Tuesday, 18 December 2007

Closures - Comparing the core of BGGA, CICE and FCM

In this blog I'm going to compare the core of the three principle 'closure' proposals. This is particularly apt following the recent surge in interest after Josh Bloch's Javapolis talk.

Comparing 'closure' proposals

The three principle closure proposals are:

  • BGGA - full closures for Java
  • CICE - simplified inner classes (with the related ARM proposal)
  • FCM - first class methods (with the related JCA proposal)

It is easy to get confused when evaluating these competing proposals. So much new syntax. So many new ideas. For this blog I'll summarise, and then deep dive into one area.

The first key point that I have been making recently is that closures is not 'all or nothing' - there are parts to the proposals that can be implemented separately. This table summarises the 5 basic parts in the proposals (I've split the last one into two rows):

  BGGA CICE+ARM FCM+JCA
Literals for reflection - - FCM member literals
References to methods - - FCM method references
One method callback classes BGGA closures CICE FCM inner methods
Function types BGGA function types - FCM method types
Library based Control Structure BGGA control invocation - JCA control abstraction
Language based Control Structure - ARM -

Of course a table like this doesn't begin to do justice to any of the three proposals. Or to express the possible combinations (for example, BGGA could add support for the first two rows easily). So, instead of talking generally, lets examine a key use case where all 'closure' proposals work.

One method callbacks

This issue in Java refers to the complexity and verbosity of writing an anonymous inner class with one method. These are typically used for callbacks - where the application code passes a piece of logic to a framework for it to be executed later in time. The classic example is the ActionListener:

  public void init() {
    button.addActionListener(new ActionListener() {
      public void actionPerformed(ActionEvent ev) {
        // handle the event
      }
    });
  }

This registers a callback that will be called by the framework whenever the button is pressed. We notice that the code in the listener will typically be called long after the init() method has completed. While this is an example from swing, the same design appears all over Java code.

Some of the issues with this code are immediately obvious. Some are not.

  1. The declaration of the listener is very verbose. It takes a lot of code to define something that is relatively simple, and importantly, that makes it harder to read.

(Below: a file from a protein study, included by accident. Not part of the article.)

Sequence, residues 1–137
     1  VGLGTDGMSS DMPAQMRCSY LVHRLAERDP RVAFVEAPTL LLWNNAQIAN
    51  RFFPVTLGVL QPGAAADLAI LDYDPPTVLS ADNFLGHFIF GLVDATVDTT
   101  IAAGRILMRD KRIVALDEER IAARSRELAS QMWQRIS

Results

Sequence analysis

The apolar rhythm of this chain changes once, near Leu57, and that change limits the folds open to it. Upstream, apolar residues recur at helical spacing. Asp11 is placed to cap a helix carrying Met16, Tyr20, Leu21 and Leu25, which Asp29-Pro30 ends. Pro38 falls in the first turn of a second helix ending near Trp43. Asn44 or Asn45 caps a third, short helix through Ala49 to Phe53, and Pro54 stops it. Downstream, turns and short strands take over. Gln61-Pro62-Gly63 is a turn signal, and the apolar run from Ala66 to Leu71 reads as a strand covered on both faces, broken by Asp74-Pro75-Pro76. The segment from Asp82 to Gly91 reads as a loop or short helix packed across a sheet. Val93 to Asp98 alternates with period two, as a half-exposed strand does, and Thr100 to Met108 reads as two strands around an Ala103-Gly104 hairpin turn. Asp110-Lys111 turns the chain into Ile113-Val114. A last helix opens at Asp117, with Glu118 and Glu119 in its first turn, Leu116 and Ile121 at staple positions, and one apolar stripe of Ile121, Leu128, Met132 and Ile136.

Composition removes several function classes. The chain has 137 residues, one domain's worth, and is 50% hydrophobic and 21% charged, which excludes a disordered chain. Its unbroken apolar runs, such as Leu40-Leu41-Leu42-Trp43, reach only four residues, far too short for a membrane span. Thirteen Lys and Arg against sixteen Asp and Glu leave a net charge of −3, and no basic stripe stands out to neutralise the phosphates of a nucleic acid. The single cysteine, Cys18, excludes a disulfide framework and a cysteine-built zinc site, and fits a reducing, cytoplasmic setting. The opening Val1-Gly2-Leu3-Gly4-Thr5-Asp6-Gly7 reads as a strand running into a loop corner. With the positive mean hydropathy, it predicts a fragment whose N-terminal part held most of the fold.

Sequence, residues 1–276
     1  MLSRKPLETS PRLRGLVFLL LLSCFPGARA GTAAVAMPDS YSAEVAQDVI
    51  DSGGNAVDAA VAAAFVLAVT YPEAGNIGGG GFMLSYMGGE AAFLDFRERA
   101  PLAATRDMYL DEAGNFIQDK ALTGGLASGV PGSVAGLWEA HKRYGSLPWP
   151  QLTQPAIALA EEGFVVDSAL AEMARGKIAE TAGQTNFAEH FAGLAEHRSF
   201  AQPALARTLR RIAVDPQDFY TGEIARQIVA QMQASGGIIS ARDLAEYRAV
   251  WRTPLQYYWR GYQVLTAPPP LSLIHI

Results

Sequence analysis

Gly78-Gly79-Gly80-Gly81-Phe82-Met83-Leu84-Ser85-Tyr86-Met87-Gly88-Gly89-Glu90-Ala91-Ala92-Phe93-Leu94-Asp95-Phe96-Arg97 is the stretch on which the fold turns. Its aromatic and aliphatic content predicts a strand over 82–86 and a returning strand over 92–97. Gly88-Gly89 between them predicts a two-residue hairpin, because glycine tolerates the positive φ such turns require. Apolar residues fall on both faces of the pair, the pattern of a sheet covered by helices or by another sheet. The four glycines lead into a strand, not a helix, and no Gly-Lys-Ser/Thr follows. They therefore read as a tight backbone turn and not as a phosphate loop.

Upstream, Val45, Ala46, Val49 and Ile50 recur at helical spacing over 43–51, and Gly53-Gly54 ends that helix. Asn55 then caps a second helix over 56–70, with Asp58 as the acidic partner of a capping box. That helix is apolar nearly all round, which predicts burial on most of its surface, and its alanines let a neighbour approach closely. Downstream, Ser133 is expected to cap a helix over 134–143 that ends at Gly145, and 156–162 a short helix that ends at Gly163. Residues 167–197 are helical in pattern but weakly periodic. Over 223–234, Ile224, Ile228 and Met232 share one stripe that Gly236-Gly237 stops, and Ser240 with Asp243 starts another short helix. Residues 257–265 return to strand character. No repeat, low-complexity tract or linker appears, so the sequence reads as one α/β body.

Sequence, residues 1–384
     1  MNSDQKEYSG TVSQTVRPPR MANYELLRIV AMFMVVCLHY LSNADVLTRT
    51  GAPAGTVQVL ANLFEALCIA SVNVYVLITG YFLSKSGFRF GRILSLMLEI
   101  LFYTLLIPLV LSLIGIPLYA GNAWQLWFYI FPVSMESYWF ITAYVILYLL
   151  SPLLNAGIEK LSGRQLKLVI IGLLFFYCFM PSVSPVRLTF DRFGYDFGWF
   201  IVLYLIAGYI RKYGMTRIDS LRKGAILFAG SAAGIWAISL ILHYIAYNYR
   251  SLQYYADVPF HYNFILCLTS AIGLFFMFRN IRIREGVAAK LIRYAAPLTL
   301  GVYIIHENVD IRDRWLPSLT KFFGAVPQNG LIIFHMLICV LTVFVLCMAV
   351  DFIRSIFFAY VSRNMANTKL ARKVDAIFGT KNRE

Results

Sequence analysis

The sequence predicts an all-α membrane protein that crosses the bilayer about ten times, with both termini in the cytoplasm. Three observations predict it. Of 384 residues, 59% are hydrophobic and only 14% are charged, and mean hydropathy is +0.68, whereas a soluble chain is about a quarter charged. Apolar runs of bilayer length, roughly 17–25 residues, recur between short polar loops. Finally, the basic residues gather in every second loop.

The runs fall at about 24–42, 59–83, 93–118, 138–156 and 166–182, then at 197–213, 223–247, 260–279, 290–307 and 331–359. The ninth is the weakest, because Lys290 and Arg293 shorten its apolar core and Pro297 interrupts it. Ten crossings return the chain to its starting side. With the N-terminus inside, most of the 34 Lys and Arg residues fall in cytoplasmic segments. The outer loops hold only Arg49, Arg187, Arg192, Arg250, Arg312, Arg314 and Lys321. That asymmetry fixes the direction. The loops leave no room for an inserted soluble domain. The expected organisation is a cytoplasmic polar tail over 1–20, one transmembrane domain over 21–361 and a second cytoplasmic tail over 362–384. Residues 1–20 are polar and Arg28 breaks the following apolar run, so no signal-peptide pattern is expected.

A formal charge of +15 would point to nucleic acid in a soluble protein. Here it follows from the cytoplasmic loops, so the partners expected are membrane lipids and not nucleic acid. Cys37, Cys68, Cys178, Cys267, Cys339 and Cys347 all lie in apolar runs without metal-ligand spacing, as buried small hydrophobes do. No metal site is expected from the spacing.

2. Secondly, information is duplicated that could be inferred by the compiler. Its not very DRY.
  3. The scope of the code inside actionPerformed() is different to that of the init() method. The this keyword has a different meaning.
  4. Any variables and methods from the interface take preference to those available in init(). For example, toString(), with any number of parameters, will always refer to the inner class, not the class that init() is declared in. In other words, the illusion that the code in actionPerformed() has full access to the code visible in init() is just that - just an illusion.

The three closure proposals differ in how they tackle this problem area. BGGA introduces full closures. These eliminate all the problems above, but introduce new issues with the meaning of return. CICE introduces a shorthand way of creating an inner class. This solves the first issue, and some of the second, but does not solve issue 3 or 4. FCM introduces inner methods. These eliminate all the problems above, and add no new surprises.

  // BGGA
  public void init() {
    button.addActionListener({ActionEvent ev =>
      // handle the event
    });
  }
  // CICE
  public void init() {
    button.addActionListener(ActionListener(ActionEvent ev) {
      // handle the event
    });
  }
  // FCM
  public void init() {
    button.addActionListener(#(ActionEvent ev) {
      // handle the event
    });
  }

In this debate, it is easy to get carried away by syntax, and say that one of these might look 'prettier', 'more Java' or 'ugly'. Unfortunately, the syntax isn't that important - its the semantics that matter.

BGGA and FCM have semantics where this within the callback refers to the surrounding class, exactly as per code written directly in the init() method. This is emphasised by removing all signs of the inner class. The scope confusion of inner classes (issues 3 and 4 above) disappears (as this is 'lexically scoped').

CICE has semantics where this within the callback still refers to the inner class. Only you can't even see the inner class now, its really well hidden. This simply perpetuates the scope confusion of inner classes (issues 3 and 4 above) and gains us little other than less typing. In fact, as the inner class is more hidden, this might actually be more confusing than today.